When the ‘I do’s’ get stormy

Picking the most beautiful parish, hiring the most talented musicians, the freshest flowers, bridesmaid dresses that reflect the color of the season, and of course the most important part…planning the party afterward. The food, the open bar, the band and dancing. Now that’s what going to a wedding is all about. After all, back in Jesus’s time in Jerusalem, the wedding feast would last seven days.

When we attend someone’s wedding, we are there to witness their sacrament; to be a part of this glorious lifelong celebration of marriage—YES—the joining of one man to one woman as a reflection of Christ the bridegroom and his love for his bride the Church. Our witness at the wedding says to the couple that when difficulty comes, we will be your support. When bad times shadow your marriage, we promise to encourage you. When things turn for the worse, we will be there to build you up and not tear your union down or apart. When one of the spouses gets sick, we commit to help carry the heavy load.

When couples struggle, and storms come, we should offer inspiration and not stay quiet. If there is talk of divorce, we should not choose sides, but pray deeply for them and offer words of healing.

Couples will come to us at Marriage Missionaries and say they are miserable. Little by little, they have reached the conclusion that they and their children would be better off if they just divorced and moved on. The hurt caused by the constant lying, arguing and disagreements on numerous issues shattered trust. Their communications are shredded, their finances are in shambles due to years of lies, and intimacy no longer exists.

Consider a married couple in crisis and how you might react in the circumstances below.

Ready to call a lawyer, the wife mentions to a good friend her feelings of hopelessness. Her friend listens with empathy and compassionately suggests that she seek counsel from their parish priest.

In the meantime, the husband tells his “best man” why he is ready to leave. This lifelong friend meets regularly with his struggling buddy to listen and help defuse the destruction of their marriage.

The wife’s father, who years before walked his daughter down the aisle, makes a phone call to his son-in-law to say, “We know that you guys are hurting. We are praying for you both.”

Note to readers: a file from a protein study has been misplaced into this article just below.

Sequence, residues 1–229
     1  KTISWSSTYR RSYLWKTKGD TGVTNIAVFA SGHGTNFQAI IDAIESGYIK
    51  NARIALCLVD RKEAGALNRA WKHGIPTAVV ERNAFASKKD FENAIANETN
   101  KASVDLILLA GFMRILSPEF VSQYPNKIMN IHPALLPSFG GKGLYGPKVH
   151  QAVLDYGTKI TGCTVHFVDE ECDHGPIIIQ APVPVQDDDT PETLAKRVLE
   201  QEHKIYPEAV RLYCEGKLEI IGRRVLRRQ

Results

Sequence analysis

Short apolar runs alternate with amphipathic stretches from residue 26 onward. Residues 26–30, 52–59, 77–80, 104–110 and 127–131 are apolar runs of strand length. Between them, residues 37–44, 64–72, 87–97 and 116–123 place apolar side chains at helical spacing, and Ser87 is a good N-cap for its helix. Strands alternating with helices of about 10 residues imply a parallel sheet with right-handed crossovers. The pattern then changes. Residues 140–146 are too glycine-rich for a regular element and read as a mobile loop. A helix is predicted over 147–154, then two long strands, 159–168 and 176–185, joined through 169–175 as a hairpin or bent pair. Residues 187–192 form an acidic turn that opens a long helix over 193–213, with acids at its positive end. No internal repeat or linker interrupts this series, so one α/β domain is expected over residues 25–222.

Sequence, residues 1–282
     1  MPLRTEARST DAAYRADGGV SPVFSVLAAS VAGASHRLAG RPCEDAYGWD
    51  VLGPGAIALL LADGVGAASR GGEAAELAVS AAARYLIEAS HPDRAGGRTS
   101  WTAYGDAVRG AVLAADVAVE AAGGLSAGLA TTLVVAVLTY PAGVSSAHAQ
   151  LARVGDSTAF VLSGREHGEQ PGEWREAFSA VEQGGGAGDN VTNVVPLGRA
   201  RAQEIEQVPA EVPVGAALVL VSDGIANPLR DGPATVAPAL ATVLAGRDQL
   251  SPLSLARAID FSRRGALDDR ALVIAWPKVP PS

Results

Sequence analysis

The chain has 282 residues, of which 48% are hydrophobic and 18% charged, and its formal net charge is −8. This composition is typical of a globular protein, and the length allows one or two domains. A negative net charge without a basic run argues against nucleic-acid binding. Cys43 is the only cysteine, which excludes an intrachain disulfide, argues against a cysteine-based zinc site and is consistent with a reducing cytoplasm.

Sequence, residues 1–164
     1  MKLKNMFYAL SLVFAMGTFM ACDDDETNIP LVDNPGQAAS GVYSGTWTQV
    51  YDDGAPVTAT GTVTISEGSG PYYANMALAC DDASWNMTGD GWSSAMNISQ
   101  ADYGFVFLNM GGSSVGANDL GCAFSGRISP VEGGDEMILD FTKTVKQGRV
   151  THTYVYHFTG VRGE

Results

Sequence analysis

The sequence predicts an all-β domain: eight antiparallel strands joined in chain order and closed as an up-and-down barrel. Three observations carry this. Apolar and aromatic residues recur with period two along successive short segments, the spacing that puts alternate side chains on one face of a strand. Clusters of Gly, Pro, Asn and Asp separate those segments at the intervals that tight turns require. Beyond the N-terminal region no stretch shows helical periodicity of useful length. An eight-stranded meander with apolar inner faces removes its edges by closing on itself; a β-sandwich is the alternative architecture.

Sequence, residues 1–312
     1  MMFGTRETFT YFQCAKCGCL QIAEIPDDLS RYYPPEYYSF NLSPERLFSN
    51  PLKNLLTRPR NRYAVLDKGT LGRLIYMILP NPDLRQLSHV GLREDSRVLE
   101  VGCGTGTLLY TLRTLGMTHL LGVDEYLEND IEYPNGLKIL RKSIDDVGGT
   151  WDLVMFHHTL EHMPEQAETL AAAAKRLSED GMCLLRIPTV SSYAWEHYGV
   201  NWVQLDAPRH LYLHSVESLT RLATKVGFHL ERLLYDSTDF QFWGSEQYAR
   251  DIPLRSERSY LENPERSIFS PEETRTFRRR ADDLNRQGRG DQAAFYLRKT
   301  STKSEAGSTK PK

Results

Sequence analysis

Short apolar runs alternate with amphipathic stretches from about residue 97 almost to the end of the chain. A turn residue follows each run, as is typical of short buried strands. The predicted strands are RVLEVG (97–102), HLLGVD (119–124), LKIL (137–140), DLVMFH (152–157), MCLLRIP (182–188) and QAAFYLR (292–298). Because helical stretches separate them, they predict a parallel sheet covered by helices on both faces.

Struggling married couples must take courageous steps to seek guidance during troubled times. They need encouragement and the Godly support of the local Catholic community, friends and family members to seek Christ-centered help. May St. John Paul II’s anthem ring in our hearts to “Be Not Afraid” to offer support to family members and friends whose marriages need a boost. Say to them, “Did you know there is a better way?” Jesus was there to calm the storm. May we be an instrument that helps bring peace and helps marriages weather the storms joyfully.

A Prayer for Married Couples

St. John Paul II, through Jesus Christ, pray for all married couples; pray that all of us may call on Jesus Christ and invite him into the center of our marriages. Give us the words to speak to couples who find themselves amidst a storm.


Matt and Mindy Dalton can be reached at matt@marriagemissionaries.org, 303-578-8287 or at www.marriagemissionaries.org.

COMING UP: Collegiality and eucharistic integrity

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The concept of the “collegiality” of bishops has been sharply contested since the Second Vatican Council debated it in 1962, 1963, and 1964. That discussion was sufficiently contentious that a personal intervention from Pope Paul VI was required to incorporate the concept of episcopal collegiality within the Dogmatic Constitution on the Church in such a way that the pope’s primacy and universal jurisdiction were safeguarded. The debate about collegiality has continued ever since. Now, however, it’s focused more on what kind of collegiality exists within national conferences of bishops. Is it an “affective collegiality” of mutual support and encouragement? Or is episcopal collegiality within bishops’ conferences “effective,” such that a conference has real teaching and legislative authority?